Methods to control bio-fouling of cultured eastern oysters, Crassostrea virginica, by the tube-building polychaete worm, Polydora cornuta

2013 Annual Report for FNE13-780

Project Type: Farmer
Funds awarded in 2013: $13,415.00
Projected End Date: 12/31/2014
Region: Northeast
State: New Jersey
Project Leader:
Betsy Haskin
Betsy's Cape Shore Salts

Methods to control bio-fouling of cultured eastern oysters, Crassostrea virginica, by the tube-building polychaete worm, Polydora cornuta


Summary of project

Oyster farms in the northeastern US are plagued by biofouling caused by marine polychaetes belonging to the genus Polydora. Generally referred to as mud-worms, these ubiquitous polydorid worms can kill oysters, reduce oyster growth, fragment the oyster’s shells making them difficult to shuck, and cause internal shell blisters that decrease product appeal and marketability. Oyster farmers invest an extensive amount of time and resources to control infestations, significantly reducing farm profits. The purpose of this project was to develop efficient and effective methods for control of Polydora infestation in eastern oysters. Two control methods, hypersaline dips and lime dips, which have been used with success to control similar infestations in Pacific oysters grown in Mexico and Australia, were used and evaluated for efficacy in controlling Polydora infestations at an oyster farm in Delaware Bay, NJ. The lime dip was discontinued after several weeks and replaced with a freshwater dip.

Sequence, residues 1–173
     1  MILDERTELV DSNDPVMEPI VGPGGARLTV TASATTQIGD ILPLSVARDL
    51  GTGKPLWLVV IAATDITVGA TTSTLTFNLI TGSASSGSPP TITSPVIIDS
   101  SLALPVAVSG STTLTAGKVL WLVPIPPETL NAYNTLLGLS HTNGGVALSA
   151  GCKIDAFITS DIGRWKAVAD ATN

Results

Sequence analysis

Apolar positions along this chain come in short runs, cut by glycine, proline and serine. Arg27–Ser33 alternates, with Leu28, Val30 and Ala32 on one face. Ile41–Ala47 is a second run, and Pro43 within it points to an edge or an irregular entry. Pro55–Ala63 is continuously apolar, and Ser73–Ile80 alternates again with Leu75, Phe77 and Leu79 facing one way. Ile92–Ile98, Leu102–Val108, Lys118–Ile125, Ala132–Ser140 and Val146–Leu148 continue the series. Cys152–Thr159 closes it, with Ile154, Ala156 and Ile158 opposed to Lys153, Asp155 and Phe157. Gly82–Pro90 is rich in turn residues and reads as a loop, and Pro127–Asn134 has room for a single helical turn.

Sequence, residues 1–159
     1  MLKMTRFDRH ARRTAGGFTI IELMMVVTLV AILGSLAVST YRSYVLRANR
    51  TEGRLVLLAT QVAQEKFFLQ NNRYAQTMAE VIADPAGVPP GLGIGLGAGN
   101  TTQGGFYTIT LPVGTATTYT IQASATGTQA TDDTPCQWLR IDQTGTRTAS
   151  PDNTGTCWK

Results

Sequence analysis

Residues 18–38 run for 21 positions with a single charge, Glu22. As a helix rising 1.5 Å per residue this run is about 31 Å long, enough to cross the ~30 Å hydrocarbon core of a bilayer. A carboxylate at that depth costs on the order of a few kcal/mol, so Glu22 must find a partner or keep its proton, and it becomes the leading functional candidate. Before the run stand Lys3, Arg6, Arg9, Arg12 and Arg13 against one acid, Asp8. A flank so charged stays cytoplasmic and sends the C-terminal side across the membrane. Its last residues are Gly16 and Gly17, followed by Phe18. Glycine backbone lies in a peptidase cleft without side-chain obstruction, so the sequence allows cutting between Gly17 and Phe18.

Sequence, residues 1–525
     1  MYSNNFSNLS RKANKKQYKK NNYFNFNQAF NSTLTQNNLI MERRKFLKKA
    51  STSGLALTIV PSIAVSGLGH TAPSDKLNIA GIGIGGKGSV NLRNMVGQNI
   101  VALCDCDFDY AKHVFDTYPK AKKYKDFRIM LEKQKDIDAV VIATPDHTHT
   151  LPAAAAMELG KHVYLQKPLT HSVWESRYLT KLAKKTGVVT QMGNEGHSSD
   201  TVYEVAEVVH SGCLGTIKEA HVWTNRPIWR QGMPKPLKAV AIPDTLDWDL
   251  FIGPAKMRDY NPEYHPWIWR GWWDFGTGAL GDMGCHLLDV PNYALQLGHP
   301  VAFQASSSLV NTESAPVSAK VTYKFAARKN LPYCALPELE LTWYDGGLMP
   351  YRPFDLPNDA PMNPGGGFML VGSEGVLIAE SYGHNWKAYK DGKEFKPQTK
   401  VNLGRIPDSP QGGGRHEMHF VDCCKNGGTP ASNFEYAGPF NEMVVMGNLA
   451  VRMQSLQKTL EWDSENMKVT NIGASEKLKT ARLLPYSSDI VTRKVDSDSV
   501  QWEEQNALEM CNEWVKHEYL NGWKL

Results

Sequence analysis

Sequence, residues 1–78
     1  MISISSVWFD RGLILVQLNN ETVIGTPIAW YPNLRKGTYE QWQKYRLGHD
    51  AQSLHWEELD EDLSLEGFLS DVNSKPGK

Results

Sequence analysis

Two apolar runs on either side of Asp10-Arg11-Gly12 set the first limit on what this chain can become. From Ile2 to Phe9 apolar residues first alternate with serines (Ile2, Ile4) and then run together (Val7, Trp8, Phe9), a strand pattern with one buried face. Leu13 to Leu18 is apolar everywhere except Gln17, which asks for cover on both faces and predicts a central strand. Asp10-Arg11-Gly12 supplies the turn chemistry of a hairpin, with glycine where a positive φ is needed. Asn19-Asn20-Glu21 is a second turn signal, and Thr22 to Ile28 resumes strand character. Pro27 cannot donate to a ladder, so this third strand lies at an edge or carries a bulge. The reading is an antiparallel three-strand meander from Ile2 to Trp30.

Life history aspects of the worm, including seasonal planktonic abundance and settlement patterns, were be investigated to establish treatment regimes that target the worm at the onset of infestation.

Objectives/Performance Targets

1. To evaluate the effectiveness of time targeted hypersaline and lime dip treatments as a control for P. cornuta. Freshwater dips replaced the lime dip to test for better efficacy of cleaning oysters as the lime dip showed no effect within the first weeks of treatment.
2. Conduct plankton and settlement surveys to determine temporal variability in abundances of Polydora cornuta larvae and peak settlement periods to inform and improve the efficacy of treatment timing and options.


Preliminary Results

None of the treatments tested performed better than the standard method of cleaning oysters. The standard, which is currently used by oyster farmers in Delaware Bay, is pumping bay water over the oyster bags to wash off the accumulated Polydora mud packs. We sampled the wash water coming off the oyster bags and determined that no polydora were killed by the pressure wash but were swimming intact and presumably would resettle easliy and promptly.
The natural history portion of this project is showing some interesting results and may lead to better efforts at treatment in the future. Plankton surverys showed spikes in larval Polydora every four weeks coinciding with full moon. Early season plankton peaks were quite high which suggests that overwintering populations and eggs are significant. Treatment during the winter or very early sping might be most effective at reducing Polydora populations. This effect could possibly slow the onset of heavy summer fouling.

Impacts and Contributions/Outcomes

The early peaks in polydora larvae indicate that overwintering popluations may be fecund. Treatment which targets this overwintering population during cold months (when farmers are generally not as busy) could be effective at reducing the Polydora population. This could possibly slow the onset of heavy summer fouling.
We are submitting an abstract tomorrow to the National Shellfisheries Assoc. to present a paper in Jacksonville, FL in March, 2014. We may also be subitting a poster for the  Milford Aquaculture Seminar  (CT) in February, 2014.


Lisa Calvo
Technical Advisor
Rutgers Univ./NJ Sea Grant
Haskin Shellfish Research Laboratory
6959 Miller Ave.
Port Norris, NJ 08349
Office Phone: 8567850074